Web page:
Moo Shu Pork?

Something (can’t remember exactly what) this week got me thinking about this. Back in my So. Cal. days we had a local spot that made a terrific version. It was served with the pancakes and Hoisin on the side. You spread a little sauce on a pancake (which were very thin - almost translucent) and rolled your own.

So I looked online… but found quite a bit of disparity between recipes, and none from folks that have been tried and trusted.

So do any of you have a favorite recipe/method for both the filling and the pancakes?

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Don’t Laugh.
Chinese Cooking for Dummies. Martin Yan has written the recipes and he includes one for Mu Shu Pork (that’s how he spells it). Really really good. Actually I’ve made nearly all the chicken and pork dishes as well as many of the sauces and they are all as good or better than the “good” takeout places near me.
The pancakes can be easily found in Asian markets–if you have an H-Mart nearby they usually stock them.

What was different about the So Cal version vs the recipes you’ve found? I imagine there’s a lot of variance even though it seems like a standard American Chinese offering.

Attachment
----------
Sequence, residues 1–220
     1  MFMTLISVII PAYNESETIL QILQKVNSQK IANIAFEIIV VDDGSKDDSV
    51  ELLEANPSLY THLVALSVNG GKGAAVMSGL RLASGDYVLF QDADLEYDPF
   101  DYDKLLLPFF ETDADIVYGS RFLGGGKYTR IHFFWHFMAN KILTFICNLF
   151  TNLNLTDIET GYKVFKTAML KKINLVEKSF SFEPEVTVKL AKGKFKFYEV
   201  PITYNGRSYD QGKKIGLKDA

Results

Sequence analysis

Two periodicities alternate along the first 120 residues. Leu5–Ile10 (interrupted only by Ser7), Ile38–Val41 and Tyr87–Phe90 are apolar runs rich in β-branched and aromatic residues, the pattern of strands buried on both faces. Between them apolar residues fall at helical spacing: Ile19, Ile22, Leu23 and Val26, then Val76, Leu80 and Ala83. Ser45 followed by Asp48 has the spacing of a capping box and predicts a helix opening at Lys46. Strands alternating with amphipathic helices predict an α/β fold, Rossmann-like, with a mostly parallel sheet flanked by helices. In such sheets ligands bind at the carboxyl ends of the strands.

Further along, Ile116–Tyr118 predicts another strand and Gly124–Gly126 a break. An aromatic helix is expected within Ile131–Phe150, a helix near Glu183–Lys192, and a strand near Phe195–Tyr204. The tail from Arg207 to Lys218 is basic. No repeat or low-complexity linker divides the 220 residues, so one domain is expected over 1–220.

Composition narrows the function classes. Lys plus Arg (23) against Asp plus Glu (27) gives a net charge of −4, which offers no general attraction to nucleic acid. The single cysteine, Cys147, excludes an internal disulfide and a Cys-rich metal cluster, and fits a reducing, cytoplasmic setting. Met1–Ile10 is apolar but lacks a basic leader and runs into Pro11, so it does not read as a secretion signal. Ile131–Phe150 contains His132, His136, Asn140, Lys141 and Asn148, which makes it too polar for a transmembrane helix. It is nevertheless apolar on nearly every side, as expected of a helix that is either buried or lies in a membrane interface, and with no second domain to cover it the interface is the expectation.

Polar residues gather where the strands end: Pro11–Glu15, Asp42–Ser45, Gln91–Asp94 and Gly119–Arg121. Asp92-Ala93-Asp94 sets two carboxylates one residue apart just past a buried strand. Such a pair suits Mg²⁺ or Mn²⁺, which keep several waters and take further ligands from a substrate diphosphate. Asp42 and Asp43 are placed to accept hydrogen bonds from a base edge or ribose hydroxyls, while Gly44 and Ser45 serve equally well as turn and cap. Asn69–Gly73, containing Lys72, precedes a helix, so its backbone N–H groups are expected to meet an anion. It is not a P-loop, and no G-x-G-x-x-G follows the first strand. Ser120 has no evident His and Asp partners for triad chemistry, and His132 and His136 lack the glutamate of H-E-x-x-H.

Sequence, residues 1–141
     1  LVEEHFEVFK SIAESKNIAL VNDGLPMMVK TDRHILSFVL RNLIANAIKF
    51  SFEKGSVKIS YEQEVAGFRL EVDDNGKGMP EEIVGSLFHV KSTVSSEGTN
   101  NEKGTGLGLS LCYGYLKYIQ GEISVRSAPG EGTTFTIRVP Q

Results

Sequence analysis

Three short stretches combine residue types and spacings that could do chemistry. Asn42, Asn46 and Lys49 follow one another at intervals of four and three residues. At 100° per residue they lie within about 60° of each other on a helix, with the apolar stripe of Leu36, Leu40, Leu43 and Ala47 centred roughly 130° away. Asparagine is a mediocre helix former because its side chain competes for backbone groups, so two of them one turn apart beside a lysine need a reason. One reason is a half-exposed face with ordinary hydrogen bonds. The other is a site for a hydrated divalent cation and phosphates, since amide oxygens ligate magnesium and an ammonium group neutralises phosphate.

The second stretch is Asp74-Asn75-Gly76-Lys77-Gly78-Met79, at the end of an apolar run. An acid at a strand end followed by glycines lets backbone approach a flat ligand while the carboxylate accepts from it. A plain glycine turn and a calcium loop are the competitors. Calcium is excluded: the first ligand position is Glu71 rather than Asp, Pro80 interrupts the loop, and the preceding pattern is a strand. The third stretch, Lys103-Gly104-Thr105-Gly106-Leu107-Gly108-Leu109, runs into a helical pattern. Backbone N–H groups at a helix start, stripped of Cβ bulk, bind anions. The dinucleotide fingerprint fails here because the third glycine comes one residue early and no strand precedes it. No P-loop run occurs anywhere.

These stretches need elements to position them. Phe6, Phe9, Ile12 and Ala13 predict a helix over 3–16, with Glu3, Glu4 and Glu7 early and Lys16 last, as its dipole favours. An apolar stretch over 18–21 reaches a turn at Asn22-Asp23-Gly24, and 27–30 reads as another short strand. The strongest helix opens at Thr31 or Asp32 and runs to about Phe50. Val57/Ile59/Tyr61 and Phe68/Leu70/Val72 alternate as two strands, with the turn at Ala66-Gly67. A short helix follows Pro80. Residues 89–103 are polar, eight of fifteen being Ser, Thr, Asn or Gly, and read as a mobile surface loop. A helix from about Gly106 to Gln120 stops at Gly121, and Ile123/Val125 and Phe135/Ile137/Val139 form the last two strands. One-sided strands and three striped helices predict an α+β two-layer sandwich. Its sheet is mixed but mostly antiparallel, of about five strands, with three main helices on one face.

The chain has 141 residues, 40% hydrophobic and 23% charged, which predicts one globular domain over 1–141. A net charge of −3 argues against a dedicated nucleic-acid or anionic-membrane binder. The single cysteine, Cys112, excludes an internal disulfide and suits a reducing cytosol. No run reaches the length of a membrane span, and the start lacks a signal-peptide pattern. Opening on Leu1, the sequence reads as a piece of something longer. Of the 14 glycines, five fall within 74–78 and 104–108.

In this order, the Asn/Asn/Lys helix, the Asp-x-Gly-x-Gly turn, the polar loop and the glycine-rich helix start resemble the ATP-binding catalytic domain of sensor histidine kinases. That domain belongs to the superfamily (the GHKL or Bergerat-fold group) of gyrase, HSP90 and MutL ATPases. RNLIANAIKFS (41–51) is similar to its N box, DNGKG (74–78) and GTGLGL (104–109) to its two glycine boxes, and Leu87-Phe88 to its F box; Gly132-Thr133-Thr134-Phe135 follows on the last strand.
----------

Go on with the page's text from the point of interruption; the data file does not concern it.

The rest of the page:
I vaguely recall someone looking for NY-style Chinese food somewhere in CA, but of the style that had been adapted, not the original NY version… convoluted, but I get it. (Might have been back on Chowhound. Might also have been in Boston not CA, lol.)

All to say - even Moo Shu might be localized enough for a very narrow search.

Thanks… can’t find it online, but did find a chicken version so will give that a look.

Yeah… but there is nothing remotely close, which is why I need to make them.


They were all over the map. Marinate - don’t marinate - different marinades - different ingredients. While it has been many years, my memory was cabbage, sprouts, carrots, shrooms, scallions, maybe garlic and/or ginger, and a sweet and savory pork possibly marinated in hoisin, soy, citrus, sesame, rice wine/vinegar… but am not confident trying to replicate this from memory if I can find someone’s “best” recipe that feels good.